Do You Need a Bone Graft for a Dental Implant?
In the United States, there are now more than 199,000 dental practices throughout the country. Together, they employ more than 1.1 million people who help us maintain good oral health. The United States dental market now earns above $172 billion in a typical year.
The dental industry continues to create new procedures that help us maintain our dental health. However, some of these procedures are not available without the right preparations. You may need a bone graft for dental implants and other dental processes.
But what are the factors that affect whether or not a bone graft will be necessary for you to receive a dental implant? What else do you need to know about bone grafts to make a savvy decision about your dental care?
Read on to learn all about the most vital things to understand about bone grafts and when you might need one for your dental implant!
What Is a Dental Bone Graft?
Dental implants need to be anchored as strongly as possible to your jawbone. As a result, they are not always a viable option for people who have lost a lot of bone in their jaws. That is where a bone graft procedure can come in handy.
With a bone graft, you can add extra robustness to your jaw, preparing it for dental implants and other serious dental procedures. But what exactly is a dental bone graft, and how can it provide your jaw with the strength it needs for a dental implant?
Dental bone grafts involve adding an extra piece of bone to your jawbone. In other cases, your dentist might decide to use an artificial material for the same purpose.
Once the natural or artificial bone is grafted onto your jawbone, your jawbone will begin to grow around it. This helps create a thicker volume of bone in your jaw, making it stronger.
The Dental Implant Placement Process
Before you can receive a dental implant, your dentist will examine your dental history. They may find certain facts about your dental history that disqualify you from a dental implant.
However, if they do not, they will proceed to recommend dental X-rays or other techniques to get a clearer picture of the state of your jaw and teeth. With the information gained through these techniques, your dentist can then come up with a plan that will lead to an effective dental implant.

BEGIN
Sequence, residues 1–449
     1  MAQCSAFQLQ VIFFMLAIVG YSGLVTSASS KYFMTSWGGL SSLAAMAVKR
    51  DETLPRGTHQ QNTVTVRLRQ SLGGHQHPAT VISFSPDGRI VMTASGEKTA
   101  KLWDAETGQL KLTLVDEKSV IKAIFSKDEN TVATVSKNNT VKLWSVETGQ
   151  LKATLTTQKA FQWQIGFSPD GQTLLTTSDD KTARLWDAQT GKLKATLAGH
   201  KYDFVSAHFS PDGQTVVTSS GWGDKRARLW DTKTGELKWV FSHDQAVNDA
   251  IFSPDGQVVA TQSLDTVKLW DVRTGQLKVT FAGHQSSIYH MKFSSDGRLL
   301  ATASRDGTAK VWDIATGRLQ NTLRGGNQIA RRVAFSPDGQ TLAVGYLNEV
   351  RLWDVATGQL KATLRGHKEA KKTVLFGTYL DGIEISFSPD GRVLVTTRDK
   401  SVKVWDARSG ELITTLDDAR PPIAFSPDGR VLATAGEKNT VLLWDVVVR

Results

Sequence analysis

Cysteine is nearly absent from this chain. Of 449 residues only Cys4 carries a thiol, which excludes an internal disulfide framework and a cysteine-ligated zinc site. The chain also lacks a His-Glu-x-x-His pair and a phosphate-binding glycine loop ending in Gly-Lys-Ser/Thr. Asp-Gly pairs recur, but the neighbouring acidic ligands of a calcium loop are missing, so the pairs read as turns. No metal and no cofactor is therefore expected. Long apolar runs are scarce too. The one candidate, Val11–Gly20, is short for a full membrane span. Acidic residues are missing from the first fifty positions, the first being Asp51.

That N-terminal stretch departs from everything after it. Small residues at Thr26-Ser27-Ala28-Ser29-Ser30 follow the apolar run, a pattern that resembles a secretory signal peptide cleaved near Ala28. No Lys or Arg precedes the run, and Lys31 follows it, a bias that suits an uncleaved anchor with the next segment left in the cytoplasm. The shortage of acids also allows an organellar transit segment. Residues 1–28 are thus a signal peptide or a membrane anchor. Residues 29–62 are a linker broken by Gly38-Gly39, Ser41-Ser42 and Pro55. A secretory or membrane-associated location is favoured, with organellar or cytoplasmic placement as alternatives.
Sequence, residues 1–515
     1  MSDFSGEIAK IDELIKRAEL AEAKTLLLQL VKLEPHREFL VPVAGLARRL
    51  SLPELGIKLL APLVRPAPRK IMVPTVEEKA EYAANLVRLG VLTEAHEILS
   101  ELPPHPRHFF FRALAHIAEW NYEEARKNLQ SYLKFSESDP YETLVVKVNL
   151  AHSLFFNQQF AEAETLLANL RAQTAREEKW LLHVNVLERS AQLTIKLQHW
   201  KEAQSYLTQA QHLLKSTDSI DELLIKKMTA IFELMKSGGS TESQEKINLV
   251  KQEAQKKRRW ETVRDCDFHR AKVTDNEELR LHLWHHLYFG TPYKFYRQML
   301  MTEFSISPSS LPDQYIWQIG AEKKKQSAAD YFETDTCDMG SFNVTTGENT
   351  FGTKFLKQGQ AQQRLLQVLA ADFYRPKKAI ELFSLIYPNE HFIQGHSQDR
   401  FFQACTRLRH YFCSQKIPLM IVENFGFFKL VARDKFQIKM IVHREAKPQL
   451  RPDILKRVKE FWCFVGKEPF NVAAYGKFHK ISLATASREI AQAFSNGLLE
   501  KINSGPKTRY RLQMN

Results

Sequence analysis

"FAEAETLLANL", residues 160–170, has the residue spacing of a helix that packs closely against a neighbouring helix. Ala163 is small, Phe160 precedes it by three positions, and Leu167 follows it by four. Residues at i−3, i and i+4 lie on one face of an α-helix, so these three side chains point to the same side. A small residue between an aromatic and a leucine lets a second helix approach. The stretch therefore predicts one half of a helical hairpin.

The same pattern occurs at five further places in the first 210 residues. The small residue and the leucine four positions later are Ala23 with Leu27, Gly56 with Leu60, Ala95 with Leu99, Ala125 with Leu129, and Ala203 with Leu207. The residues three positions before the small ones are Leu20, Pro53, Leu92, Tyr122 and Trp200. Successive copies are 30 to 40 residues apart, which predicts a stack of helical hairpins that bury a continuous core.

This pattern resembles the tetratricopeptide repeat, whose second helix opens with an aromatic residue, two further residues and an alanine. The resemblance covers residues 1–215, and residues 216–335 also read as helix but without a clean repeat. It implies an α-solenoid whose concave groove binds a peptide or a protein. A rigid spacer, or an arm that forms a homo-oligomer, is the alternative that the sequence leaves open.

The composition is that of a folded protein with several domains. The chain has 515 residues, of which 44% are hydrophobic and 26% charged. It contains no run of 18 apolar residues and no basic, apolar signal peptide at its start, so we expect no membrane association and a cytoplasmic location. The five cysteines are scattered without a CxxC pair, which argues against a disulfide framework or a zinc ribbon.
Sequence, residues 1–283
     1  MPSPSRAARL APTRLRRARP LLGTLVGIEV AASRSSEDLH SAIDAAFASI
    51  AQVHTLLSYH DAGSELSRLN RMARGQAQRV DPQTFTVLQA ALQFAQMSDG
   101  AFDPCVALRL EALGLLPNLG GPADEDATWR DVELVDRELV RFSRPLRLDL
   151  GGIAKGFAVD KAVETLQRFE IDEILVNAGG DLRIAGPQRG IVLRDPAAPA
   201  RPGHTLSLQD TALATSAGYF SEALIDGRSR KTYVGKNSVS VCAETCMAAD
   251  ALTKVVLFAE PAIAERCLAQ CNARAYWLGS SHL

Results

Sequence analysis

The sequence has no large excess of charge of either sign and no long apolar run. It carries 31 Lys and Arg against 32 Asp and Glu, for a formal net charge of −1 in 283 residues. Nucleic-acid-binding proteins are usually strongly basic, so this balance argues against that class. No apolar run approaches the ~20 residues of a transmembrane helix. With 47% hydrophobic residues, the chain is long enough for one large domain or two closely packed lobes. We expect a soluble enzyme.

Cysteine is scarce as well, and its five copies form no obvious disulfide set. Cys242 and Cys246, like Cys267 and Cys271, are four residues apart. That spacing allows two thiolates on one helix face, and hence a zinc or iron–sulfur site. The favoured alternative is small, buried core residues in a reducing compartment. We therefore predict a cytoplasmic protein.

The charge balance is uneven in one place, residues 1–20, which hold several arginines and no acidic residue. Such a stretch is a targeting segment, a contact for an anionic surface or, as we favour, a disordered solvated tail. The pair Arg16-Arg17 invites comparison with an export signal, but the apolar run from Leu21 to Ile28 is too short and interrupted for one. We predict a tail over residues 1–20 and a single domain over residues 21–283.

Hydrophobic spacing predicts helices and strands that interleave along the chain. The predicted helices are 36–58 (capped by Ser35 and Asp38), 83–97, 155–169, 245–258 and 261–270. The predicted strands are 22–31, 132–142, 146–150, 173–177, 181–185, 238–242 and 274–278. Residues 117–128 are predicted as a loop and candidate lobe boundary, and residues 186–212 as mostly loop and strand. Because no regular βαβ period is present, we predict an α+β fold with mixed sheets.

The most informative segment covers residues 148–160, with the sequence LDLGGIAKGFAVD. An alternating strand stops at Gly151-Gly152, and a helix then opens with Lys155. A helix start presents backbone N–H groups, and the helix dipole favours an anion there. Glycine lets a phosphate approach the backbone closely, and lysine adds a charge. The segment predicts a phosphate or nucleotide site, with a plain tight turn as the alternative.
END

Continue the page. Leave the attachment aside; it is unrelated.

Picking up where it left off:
However, at this point, your dentist might confirm that your jawbone lacks the necessary volume to provide an anchor for your dental implants. In that case, your dental implant process will be delayed. In the meanwhile, you and your dentist will work on using a bone graft to prepare your jaw for future dental implants.
After the bone graft process is complete, you will need to wait for several months until your jaw is recovered.
In some cases, your recovery process might be shorter or longer depending on how large your bone graft is. In general, the larger your bone graft, the longer it will take for your jaw to finish integrating it.
Once your body has fully recovered, you can proceed with the dental implant process.
However, this is only possible if you can receive a bone graft in the first place. In some cases, a bone graft procedure is not a viable option for someone. So what makes someone a good candidate for a bone graft procedure?
Who Is a Candidate for Bone Grafting?
The whole point of a bone graft is to provide a jaw that lacks sufficient bone volume with greater bone volume. However, if a jaw has an especially small volume, it may not even be enough to integrate a graft.
That can rule out the possibility of a bone graft, which can also interfere with the dental implant process.
In other cases, someone might have enough jaw volume for a bone graft, but they may have other health problems that keep a bone graft from being possible.
If someone is struggling with diabetes or an autoimmune condition, that may make it too difficult to proceed with a bone graft.
It is also important that people be able to recover sufficiently after a bone graft. Smoking can interfere with the healing process. If someone cannot manage to quit smoking for their bone graft, it might be better to avoid the procedure altogether.
Why Is Bone Grafting Sometimes Necessary?
But why do jaws lose enough volume to require bone grafts in the first place? In many cases, tooth loss can lead to bone volume loss in the jaw as well.
When people chew, the pressure on their teeth gets transferred down to their jaws as well. This consistent pressure on the jaw provides it with the necessary stimulation to maintain strength and volume.
However, if someone has been missing one or more teeth in a certain area for a while, that part of their jaws might also have gone for a long time without much stimulation. Left alone for long enough, this can lead to jawbone volume loss and require a bone graft procedure to correct.
Know if You Need a Bone Graft for Dental Implant Procedures
If you have ever wondered if you need a bone graft for dental implant procedures, we hope we have answered your questions. Understanding more about the bone graft process can help you prepare for it and decide if it is the right choice for you. In some cases, nothing less than a bone graft will be enough to help you restore your oral health.
To learn more about how you can find the best dentist for your dental care needs, reach out and get in touch with us here at any time!